Heian Jingu Setsubun Festival Marks Spring Arrival with Exorcism and Luck Rituals

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By Cher
Heian Jingu

The Heian Jingu Setsubun Festival is one of Kyoto’s most famous Setsubun celebrations. Known for its rituals designed to rid the environment of evil spirits and beckon in the spring season, the Heian Shrine offers a unique, spiritual experience for locals and tourists alike. It’s one of the best-known Kyoto events in February.

Setsubun Festival
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Symbolic Rituals To Oust Evil Spirits

Set to commence at 1pm, the festival begins with priests performing a sacred Shinto ritual at Heian Shrine’s inner sanctuary. These purification rites involve offering gifts to the gods on the altar, reading prayers aloud and other cleansing actions aimed to set an auspicious tone for the rest of the day.

As part of the exorcism performance known as Daina no Gi, individuals dressed as warriors, onmyōji diviners, and Hōsōshi (demon-quellers) put on face-masks symbolizing oni (demons in Japanese folklore). This annual event pays homage to rituals once performed in Kyoto’s Imperial Palace during the Heian period.

At around 2pm, revellers get a chillingly entertaining scare as men donning fearsome ogre masks burst into the shrine and terrify everyone in the courtyard, moving towards the main hall veranda. In a delightful turn of events, the leader of this terrifying troup performs a victorious dance.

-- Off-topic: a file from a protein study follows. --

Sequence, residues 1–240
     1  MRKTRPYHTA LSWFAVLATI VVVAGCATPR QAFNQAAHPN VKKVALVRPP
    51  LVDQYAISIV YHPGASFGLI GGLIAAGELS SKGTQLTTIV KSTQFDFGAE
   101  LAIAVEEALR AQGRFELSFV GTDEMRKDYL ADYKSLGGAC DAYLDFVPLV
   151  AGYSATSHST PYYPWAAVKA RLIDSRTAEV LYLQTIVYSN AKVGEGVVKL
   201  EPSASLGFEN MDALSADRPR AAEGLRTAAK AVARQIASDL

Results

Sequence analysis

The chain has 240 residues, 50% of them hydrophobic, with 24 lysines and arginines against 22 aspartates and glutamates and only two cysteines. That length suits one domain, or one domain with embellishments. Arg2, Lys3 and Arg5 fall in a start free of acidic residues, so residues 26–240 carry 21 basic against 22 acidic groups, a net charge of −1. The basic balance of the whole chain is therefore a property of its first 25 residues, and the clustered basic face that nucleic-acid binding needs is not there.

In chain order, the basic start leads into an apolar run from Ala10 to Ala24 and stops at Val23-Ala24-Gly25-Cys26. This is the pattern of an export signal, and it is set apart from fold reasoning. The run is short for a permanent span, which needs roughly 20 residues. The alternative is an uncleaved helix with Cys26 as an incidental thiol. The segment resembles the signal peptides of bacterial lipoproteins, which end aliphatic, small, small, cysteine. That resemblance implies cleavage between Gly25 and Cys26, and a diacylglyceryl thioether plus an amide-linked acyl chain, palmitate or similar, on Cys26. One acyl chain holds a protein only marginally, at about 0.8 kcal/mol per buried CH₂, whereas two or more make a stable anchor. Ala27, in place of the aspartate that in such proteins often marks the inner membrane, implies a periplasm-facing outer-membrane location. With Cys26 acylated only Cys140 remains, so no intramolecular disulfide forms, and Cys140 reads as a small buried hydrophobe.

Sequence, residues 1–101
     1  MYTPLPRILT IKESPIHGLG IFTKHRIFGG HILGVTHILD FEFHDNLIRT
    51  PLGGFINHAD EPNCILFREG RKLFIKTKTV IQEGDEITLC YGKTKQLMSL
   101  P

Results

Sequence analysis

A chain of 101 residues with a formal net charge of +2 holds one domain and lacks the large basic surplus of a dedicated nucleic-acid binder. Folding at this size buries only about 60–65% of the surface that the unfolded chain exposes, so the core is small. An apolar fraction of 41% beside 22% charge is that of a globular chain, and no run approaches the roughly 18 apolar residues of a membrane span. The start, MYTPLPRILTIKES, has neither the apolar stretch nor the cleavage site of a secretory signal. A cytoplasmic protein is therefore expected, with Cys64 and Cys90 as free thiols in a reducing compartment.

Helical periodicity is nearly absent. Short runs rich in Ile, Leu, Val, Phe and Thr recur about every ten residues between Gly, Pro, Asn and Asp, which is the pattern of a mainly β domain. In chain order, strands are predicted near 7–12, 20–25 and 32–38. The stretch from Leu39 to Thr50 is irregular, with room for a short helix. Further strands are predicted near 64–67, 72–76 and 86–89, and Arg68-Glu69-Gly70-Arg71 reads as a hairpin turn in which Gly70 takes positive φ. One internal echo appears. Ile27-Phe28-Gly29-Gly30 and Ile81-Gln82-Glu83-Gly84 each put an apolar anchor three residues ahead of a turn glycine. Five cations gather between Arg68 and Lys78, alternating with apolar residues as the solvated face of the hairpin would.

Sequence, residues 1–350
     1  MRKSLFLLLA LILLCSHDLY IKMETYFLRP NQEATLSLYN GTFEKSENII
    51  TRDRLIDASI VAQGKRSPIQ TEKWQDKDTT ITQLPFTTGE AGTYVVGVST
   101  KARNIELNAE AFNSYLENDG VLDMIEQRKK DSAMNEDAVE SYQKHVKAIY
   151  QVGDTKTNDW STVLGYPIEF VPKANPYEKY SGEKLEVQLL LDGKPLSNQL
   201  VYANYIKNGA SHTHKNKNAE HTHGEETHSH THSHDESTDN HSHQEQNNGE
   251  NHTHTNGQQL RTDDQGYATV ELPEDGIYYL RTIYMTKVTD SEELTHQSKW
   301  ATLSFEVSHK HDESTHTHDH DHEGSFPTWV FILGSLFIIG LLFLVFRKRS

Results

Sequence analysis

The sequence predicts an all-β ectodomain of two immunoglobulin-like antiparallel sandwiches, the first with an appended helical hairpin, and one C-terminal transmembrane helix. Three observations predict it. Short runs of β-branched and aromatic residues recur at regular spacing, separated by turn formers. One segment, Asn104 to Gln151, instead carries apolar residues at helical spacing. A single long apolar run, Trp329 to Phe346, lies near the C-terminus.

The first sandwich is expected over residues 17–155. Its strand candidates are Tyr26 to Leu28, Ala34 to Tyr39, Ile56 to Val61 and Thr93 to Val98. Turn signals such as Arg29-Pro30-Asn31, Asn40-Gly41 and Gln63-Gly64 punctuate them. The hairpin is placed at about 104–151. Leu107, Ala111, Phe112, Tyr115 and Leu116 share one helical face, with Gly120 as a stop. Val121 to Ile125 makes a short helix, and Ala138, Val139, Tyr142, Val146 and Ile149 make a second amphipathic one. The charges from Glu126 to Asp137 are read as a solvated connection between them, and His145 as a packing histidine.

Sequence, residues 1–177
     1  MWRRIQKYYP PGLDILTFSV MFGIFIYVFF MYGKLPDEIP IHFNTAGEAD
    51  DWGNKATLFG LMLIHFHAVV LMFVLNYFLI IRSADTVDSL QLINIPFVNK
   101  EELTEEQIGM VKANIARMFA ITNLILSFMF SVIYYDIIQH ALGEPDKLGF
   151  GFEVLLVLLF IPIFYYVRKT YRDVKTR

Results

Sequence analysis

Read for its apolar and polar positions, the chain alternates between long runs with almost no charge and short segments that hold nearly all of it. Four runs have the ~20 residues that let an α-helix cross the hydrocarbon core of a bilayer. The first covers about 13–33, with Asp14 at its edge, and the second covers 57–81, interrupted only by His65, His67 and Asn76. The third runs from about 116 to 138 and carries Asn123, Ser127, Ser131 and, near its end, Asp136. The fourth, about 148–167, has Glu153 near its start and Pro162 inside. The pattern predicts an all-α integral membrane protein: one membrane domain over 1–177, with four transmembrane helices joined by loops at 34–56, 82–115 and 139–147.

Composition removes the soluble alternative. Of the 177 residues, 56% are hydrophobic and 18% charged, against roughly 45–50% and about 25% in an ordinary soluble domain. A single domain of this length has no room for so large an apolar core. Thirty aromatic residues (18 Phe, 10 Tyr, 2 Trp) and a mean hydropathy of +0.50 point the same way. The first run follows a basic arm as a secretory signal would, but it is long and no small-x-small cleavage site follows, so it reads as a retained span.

Lucky Bean Throwing To Invite Good Luck

Seemingly spontaneously, shrine parishioners appear wielding lucky beans–the star of mamemaki tradition (bean throwing)–shouting “oni wa soto, fuku wa uchi” (bad luck out, good luck in). The aim is to purge the shrine of these ill-intending oni. The imagery created is that of driving bad luck out and inviting good fortunes into attendees’ lives.

Subsequently, participants eagerly gather around the main hall hoping to catch packets of fortunate beans released into the crowd by priests and parishioners. In an interesting twist that harmonizes tradition with social nuances –geiko and maiko dresses are often worn by celebrities who join these bean-throwing festivities.

A Concluding Fire Ritual

Just as dusk hits at 4pm, a concluding fire rite ceremoniously referred to as ōhitaki shinji takes place—a spectacle revered as one of Kyoto’s most exciting highlights.

The Heian Jingu Setsubun provides guests with an array of traditional rituals from start to finish which not only entertain but encapsulate Japan’s deep historical roots that pave their cultural identity today.

The Yasaka Shrine Setsubun Festival in Kyoto is another delightful blend of tradition and spectacle. This renowned festival, held annually on Setsubun Day and its preceding day, offers visitors a chance to learn about the rich cultural heritage of Japan. Rooted in ancient traditions dating back to the Nara period, the Setsubun Festival at Yasaka Shrine is a captivating event designed to drive away evil spirits and invite good luck. The festival’s highlight is the Maiko’s elegant “Buyo-hono” dance performance.

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